At the “Gate of the Exonerated“ at Central Park, a message is carved in stone

The “Gate of the Exonerated“ at Central Park. Photo: Central Park Conservancy

The name of the entrance is a reminder of a miscarriage of justice and of prejudice by the press

To carve something in stone is an idiom understood around the world. A message with such significance was placed at one of the entrances to Central Park in New York City in December 2022: the wall of sandstone now bears the name “Gate of the Exonerated“ and refers to a terrible miscarriage of justice that put 5 teenagers innocently behind bars for several years.

The boys, from black and Latino families, were 14-year-olds Raymond Santana and Kevin Richardson, 15-year-old Antron McCray, and 16-year-olds Korey Wise and Yusef Salaam.

They entered the park through that entrance one evening in 1989. That night, a female jogger was attacked and raped there. The violence was so severe that she was in a coma for 12 days.

The boys were found guilty of acts ranging from robbery to attempted murder. A 16-year-old was punished as an adult because of the severity of the crime.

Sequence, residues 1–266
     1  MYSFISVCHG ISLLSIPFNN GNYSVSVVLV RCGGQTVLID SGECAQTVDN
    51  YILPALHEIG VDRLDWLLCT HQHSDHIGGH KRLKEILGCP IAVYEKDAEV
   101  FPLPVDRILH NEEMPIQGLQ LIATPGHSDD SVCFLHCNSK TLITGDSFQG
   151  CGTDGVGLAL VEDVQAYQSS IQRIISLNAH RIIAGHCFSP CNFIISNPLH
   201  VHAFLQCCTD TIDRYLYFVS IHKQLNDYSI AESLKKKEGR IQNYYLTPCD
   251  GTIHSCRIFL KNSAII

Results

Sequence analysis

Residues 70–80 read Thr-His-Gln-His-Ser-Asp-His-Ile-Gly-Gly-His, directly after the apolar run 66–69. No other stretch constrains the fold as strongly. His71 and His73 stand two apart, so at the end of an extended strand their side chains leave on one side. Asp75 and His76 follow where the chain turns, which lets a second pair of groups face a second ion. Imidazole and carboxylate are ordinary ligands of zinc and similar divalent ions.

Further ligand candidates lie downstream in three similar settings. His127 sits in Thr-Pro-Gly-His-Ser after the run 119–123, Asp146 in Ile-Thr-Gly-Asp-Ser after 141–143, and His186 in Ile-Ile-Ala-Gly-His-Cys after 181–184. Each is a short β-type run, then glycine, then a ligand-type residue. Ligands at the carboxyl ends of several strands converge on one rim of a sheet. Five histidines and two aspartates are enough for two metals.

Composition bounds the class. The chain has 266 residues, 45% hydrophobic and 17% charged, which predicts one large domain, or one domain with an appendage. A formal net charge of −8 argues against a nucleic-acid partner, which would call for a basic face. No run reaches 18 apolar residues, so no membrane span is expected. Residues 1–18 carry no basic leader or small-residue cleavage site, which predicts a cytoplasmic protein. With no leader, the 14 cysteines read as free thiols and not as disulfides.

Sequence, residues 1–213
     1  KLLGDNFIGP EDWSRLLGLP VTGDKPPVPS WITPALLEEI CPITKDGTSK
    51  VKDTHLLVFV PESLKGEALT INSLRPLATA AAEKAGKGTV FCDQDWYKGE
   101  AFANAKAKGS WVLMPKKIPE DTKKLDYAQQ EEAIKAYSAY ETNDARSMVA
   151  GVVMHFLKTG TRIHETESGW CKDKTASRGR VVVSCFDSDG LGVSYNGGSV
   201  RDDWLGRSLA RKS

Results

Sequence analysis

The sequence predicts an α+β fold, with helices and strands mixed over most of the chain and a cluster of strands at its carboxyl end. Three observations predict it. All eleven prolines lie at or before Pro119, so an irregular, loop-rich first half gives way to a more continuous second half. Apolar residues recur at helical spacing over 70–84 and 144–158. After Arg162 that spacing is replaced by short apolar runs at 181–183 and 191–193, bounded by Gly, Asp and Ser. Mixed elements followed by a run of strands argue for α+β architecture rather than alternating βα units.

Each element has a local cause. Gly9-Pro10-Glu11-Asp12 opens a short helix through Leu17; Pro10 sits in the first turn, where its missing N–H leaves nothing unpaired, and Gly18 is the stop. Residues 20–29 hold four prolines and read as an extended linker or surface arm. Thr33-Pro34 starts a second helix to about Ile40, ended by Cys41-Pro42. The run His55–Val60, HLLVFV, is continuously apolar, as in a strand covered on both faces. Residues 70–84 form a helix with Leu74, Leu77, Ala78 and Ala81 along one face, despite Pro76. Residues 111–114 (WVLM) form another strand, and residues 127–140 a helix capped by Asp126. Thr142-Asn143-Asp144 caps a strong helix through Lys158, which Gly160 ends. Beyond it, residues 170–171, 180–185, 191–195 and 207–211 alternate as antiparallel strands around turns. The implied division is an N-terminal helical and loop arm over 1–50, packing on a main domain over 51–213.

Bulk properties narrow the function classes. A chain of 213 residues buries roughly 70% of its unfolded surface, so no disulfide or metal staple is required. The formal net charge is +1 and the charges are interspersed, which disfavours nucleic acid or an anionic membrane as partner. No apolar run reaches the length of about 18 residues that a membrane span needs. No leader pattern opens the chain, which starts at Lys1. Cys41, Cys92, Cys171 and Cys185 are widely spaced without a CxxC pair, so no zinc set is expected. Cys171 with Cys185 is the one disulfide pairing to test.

Later, a violent offender and serial rapist confessed to the crime. DNA analysis showed that he had really attacked the 28-year-old white woman at the time.

Investigations into the case against the youth revealed that they had made their confessions under duress during police interrogations.

The press had made its own judgment early on, inflaming the public. Violence on the city’s streets was a particular issue at the time.

The convicts were acquitted in 2002.

The case, which went down in judicial history as the “Central Park Five,“ was depicted in a documentary in 2012, later in a Pulitzer Prize-winning Broadway opera, and finally in a miniseries on television.

In a settlement with the city of New York, the men were compensated $41 million, with $3.9 million from the state of New York.

They chose the name for their gate.

The Gate of the Exonerated is located on the northeast side of Central Park, not far from the intersection of 5th Avenue and 110th Street.

In total, the park has dozens of entrances. About 20 of them bear names from the time when the complex was built around 1860, such as Farmers’ Gate, Pioneers’ Gate, Artists’ Gate or Artisans’ Gate.

Central Park Conservancy
In a contrast to this terrible story something beautiful and easy: Art Garfunkel with “A Heart in New York“ from the concert of Simon & Garfunkel in Central Park (1981) to enhance the run-down city:

(17.03.2023, USA: 03.17.2023)